100 new coronavirus cases a day, lack of detail in figures slated

For the first time since Belgium started to use a 7-day rolling average the daily number of new coronavirus cases has topped 100. Meanwhile criticism of the way figures are presented and their lack of detail is mounting.

On average 100 new cases were recorded each and every day between 6 and 12 July.  This works out as a 12% increase in comparison with the previous seven-day observation period.

Thursday’s rolling average is up 4 compared to yesterday’s that stood at 96.  It’s the eighth day in a row that the average has edged higher. The rise is registered in most Belgian provinces and especially in provinces with big cities: there are 172 new cases in Antwerp Province, 107 in West Flanders, 74 in Limburg, 51 in Flemish Brabant, 47 in Liege, 22 in Luxemburg Province and 19 in Walloon Brabant.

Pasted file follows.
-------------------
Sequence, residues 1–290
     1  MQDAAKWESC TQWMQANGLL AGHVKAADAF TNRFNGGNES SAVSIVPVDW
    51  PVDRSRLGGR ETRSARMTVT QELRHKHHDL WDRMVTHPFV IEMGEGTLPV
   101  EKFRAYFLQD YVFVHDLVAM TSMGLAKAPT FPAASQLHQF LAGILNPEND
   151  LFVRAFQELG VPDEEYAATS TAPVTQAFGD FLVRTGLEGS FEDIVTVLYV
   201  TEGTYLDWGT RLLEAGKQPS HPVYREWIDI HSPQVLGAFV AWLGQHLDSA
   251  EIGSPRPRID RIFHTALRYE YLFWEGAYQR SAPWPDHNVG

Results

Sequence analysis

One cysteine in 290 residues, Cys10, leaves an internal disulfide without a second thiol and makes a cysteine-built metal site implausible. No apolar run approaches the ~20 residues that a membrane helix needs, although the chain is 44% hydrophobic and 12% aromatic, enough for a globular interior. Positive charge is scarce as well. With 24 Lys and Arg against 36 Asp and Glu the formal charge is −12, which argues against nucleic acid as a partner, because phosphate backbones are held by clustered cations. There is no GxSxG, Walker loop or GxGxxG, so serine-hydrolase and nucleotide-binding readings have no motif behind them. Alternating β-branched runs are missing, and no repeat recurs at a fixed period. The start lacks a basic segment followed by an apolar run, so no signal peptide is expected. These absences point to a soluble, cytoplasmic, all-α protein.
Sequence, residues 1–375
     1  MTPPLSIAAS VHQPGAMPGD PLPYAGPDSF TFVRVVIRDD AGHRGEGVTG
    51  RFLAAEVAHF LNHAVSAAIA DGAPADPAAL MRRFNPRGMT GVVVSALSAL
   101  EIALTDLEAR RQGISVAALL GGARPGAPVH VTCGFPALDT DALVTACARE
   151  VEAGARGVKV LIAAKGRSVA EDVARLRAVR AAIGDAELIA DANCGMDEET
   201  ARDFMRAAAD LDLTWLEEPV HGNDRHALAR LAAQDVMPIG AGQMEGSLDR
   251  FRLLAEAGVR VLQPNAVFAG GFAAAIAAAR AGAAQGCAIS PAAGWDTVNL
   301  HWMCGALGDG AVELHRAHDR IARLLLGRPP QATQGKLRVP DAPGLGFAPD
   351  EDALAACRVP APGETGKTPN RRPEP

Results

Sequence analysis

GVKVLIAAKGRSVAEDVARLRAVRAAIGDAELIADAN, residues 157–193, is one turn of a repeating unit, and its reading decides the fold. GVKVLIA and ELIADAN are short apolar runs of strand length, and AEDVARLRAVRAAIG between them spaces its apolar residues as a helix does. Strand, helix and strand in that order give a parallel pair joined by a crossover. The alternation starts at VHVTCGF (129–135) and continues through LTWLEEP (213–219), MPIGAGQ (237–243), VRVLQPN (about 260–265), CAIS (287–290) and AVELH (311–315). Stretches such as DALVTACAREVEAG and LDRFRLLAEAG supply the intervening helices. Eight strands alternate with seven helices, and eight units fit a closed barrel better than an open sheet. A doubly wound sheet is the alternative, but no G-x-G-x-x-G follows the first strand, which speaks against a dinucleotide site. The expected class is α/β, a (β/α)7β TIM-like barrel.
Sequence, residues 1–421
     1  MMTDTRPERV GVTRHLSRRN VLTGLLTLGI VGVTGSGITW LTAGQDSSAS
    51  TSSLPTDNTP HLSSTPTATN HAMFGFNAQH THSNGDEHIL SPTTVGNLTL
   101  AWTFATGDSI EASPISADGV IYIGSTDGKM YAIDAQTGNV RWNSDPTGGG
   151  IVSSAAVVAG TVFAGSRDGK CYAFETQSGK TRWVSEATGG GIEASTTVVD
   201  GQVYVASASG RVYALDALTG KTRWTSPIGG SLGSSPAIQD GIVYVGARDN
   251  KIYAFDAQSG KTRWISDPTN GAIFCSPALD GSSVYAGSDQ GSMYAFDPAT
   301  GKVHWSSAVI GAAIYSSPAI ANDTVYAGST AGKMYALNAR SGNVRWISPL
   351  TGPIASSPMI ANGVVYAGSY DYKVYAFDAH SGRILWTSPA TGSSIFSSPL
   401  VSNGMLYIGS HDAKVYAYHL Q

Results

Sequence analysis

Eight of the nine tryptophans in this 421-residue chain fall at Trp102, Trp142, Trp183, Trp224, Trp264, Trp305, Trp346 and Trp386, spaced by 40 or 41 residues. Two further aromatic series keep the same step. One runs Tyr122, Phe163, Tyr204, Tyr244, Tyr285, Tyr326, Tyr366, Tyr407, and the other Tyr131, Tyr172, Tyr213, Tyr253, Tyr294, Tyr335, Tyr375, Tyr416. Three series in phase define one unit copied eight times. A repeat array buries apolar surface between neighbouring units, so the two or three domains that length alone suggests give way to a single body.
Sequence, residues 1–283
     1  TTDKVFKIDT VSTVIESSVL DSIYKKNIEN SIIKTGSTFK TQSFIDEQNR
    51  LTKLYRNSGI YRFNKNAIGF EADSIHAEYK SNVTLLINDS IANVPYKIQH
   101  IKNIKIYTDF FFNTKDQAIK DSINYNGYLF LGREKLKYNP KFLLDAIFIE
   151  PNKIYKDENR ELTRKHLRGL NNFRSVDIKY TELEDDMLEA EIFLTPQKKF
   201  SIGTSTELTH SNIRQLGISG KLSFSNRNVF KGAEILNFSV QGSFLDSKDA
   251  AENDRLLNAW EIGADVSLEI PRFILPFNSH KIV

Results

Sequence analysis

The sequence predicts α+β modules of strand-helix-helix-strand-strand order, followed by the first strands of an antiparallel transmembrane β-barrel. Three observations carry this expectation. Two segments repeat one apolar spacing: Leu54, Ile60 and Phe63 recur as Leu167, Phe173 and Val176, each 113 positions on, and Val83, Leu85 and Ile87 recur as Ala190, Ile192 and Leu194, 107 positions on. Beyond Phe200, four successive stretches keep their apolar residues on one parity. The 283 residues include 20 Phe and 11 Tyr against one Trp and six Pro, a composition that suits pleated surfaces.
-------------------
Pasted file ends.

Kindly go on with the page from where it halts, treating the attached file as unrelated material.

Most new cases are among members of the active population aged 20 to 59.

Belgium now has 63,039 confirmed cases of coronavirus.

On average there were 10 hospitalisations a day in the latest observation period – down 7% on the previous seven-day period.

On 15 July 150 patients were hospitalised with coronavirus – down 9% on the week.  27 patients were in critical care – down 16% on the week.

During the latest observation period 2 deaths a day were recorded on average.  That’s a fall of 46% compared with a week ago.

9,792 people have died of COVID-19 in Belgium.

As criticism of the lack of daily figures and detail swelled on Thursday PM Wilmès told lawmakers that she had asked Sciensano once again to provide daily figures instead of seven-day rolling averages.  In recent hours more and more experts had expressed a preference for daily figures as the rolling averages also appeared several days after the event.

Criticism has also been levelled about a lack of detail in the figures.  Both scientists and politicians are complaining that Sciensano is not providing precise information on the scale and location of local outbreaks as well as information about the groups of people in which these are occurring.

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